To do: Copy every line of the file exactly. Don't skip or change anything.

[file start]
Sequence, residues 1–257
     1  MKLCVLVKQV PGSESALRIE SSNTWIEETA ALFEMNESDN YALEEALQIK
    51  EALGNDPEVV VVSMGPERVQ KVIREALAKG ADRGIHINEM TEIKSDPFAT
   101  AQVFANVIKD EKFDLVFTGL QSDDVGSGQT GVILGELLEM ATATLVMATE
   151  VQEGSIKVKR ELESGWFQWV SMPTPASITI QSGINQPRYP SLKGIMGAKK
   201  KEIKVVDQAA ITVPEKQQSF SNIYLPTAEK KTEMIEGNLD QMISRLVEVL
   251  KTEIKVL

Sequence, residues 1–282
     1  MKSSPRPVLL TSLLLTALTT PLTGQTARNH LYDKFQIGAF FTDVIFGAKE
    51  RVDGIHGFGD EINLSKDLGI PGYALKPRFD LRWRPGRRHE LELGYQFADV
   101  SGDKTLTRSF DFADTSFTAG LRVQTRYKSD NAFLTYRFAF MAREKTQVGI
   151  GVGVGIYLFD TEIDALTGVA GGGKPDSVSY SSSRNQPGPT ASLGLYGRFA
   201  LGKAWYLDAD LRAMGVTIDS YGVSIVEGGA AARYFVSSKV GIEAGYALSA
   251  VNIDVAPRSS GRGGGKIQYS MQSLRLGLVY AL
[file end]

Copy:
Sequence, residues 1–257
     1  MKLCVLVKQV PGSESALRIE SSNTWIEETA ALFEMNESDN YALEEALQIK
    51  EALGNDPEVV VVSMGPERVQ KVIREALAKG ADRGIHINEM TEIKSDPFAT
   101  AQVFANVIKD EKFDLVFTGL QSDDVGSGQT GVILGELLEM ATATLVMATE
   151  VQEGSIKVKR ELESGWFQWV SMPTPASITI QSGINQPRYP SLKGIMGAKK
   201  KEIKVVDQAA ITVPEKQQSF SNIYLPTAEK KTEMIEGNLD QMISRLVEVL
   251  KTEIKVL

Sequence, residues 1–282
     1  MKSSPRPVLL TSLLLTALTT PLTGQTARNH LYDKFQIGAF FTDVIFGAKE
    51  RVDGIHGFGD EINLSKDLGI PGYALKPRFD LRWRPGRRHE LELGYQFADV
   101  SGDKTLTRSF DFADTSFTAG LRVQTRYKSD NAFLTYRFAF MAREKTQVGI
   151  GVGVGIYLFD TEIDALTGVA GGGKPDSVSY SSSRNQPGPT ASLGLYGRFA
   201  LGKAWYLDAD LRAMGVTIDS YGVSIVEGGA AARYFVSSKV GIEAGYALSA
   251  VNIDVAPRSS GRGGGKIQYS MQSLRLGLVY AL